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PLoS Biol. 2014 Dec 23;12(12):e1002026. doi: 10.1371/journal.pbio.1002026. eCollection 2014 Dec.

Specific phosphorylation of histone demethylase KDM3A determines target gene expression in response to heat shock.

Author information

1
State Key Laboratory of Medical Molecular Biology, Department of Biochemistry and Molecular Biology, Institute of Basic Medical Sciences, Chinese Academy of Medical Sciences and School of Basic Medicine, Peking Union Medical College, Beijing, China.
2
Cancer Institute and Hospital, Chinese Academy of Medical Sciences and Peking Union Medical College, Beijing, China.

Abstract

Histone lysine (K) residues, which are modified by methyl- and acetyl-transferases, diversely regulate RNA synthesis. Unlike the ubiquitously activating effect of histone K acetylation, the effects of histone K methylation vary with the number of methyl groups added and with the position of these groups in the histone tails. Histone K demethylases (KDMs) counteract the activity of methyl-transferases and remove methyl group(s) from specific K residues in histones. KDM3A (also known as JHDM2A or JMJD1A) is an H3K9me2/1 demethylase. KDM3A performs diverse functions via the regulation of its associated genes, which are involved in spermatogenesis, metabolism, and cell differentiation. However, the mechanism by which the activity of KDM3A is regulated is largely unknown. Here, we demonstrated that mitogen- and stress-activated protein kinase 1 (MSK1) specifically phosphorylates KDM3A at Ser264 (p-KDM3A), which is enriched in the regulatory regions of gene loci in the human genome. p-KDM3A directly interacts with and is recruited by the transcription factor Stat1 to activate p-KDM3A target genes under heat shock conditions. The demethylation of H3K9me2 at the Stat1 binding site specifically depends on the co-expression of p-KDM3A in the heat-shocked cells. In contrast to heat shock, IFN-γ treatment does not phosphorylate KDM3A via MSK1, thereby abrogating its downstream effects. To our knowledge, this is the first evidence that a KDM can be modified via phosphorylation to determine its specific binding to target genes in response to thermal stress.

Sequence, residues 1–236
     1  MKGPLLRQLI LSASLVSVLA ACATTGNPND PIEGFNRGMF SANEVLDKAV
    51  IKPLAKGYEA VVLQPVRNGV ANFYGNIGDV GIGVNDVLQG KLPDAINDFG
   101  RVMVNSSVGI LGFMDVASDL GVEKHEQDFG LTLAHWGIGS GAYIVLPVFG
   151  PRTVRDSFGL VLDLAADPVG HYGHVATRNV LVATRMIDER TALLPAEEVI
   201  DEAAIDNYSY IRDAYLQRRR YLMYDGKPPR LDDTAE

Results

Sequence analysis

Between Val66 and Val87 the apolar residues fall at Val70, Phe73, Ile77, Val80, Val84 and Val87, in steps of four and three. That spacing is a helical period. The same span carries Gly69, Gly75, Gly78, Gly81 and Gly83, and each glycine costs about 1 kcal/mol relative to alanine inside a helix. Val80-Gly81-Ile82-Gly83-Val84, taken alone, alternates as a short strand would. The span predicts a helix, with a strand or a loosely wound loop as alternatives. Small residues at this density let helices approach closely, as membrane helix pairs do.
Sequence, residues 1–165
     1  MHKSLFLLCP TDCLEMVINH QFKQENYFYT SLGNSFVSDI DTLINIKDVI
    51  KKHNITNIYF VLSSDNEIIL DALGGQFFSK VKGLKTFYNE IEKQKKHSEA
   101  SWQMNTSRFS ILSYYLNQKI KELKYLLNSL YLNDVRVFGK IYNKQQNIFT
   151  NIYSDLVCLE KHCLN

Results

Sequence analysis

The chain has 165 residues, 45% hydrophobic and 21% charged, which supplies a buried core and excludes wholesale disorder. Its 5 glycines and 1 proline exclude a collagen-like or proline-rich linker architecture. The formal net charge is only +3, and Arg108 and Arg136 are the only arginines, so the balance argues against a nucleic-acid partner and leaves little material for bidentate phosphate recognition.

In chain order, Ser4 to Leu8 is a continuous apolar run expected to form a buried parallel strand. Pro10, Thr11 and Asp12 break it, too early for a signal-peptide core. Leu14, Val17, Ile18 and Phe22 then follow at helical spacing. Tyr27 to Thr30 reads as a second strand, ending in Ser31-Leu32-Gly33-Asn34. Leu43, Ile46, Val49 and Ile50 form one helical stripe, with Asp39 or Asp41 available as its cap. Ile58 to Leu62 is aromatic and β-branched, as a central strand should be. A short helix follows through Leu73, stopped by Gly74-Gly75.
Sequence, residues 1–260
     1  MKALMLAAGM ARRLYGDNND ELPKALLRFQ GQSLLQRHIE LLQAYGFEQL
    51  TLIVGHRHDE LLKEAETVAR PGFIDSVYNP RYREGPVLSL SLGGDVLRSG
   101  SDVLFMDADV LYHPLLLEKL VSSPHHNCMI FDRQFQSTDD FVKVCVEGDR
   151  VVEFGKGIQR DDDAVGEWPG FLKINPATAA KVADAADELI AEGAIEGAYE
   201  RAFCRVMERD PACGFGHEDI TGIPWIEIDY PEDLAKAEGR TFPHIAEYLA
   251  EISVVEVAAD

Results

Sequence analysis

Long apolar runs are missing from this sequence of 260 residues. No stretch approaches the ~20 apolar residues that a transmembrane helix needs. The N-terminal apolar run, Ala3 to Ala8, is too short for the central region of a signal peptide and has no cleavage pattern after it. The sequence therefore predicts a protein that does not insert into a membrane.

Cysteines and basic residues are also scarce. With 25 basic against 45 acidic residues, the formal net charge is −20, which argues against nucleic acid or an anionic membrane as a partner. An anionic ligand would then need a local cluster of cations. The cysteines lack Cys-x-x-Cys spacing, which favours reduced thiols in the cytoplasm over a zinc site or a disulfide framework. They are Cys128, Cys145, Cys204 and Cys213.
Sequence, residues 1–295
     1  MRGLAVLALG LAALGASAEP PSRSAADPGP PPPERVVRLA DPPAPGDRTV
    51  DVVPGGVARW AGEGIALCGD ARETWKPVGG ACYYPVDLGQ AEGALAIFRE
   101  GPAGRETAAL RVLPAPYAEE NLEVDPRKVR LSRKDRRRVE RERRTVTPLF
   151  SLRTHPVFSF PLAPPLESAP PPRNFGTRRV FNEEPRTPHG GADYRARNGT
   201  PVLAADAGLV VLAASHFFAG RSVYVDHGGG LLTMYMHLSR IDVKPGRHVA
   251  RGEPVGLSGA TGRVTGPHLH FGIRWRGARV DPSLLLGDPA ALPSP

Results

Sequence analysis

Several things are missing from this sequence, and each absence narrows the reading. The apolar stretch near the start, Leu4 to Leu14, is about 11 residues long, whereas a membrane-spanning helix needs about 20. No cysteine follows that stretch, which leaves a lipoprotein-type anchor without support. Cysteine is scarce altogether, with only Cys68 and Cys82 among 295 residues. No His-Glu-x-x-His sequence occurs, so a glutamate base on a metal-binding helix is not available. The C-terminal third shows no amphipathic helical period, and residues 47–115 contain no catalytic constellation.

PMID:
25535969
PMCID:
PMC4275180
DOI:
10.1371/journal.pbio.1002026
[Indexed for MEDLINE]
Free PMC Article
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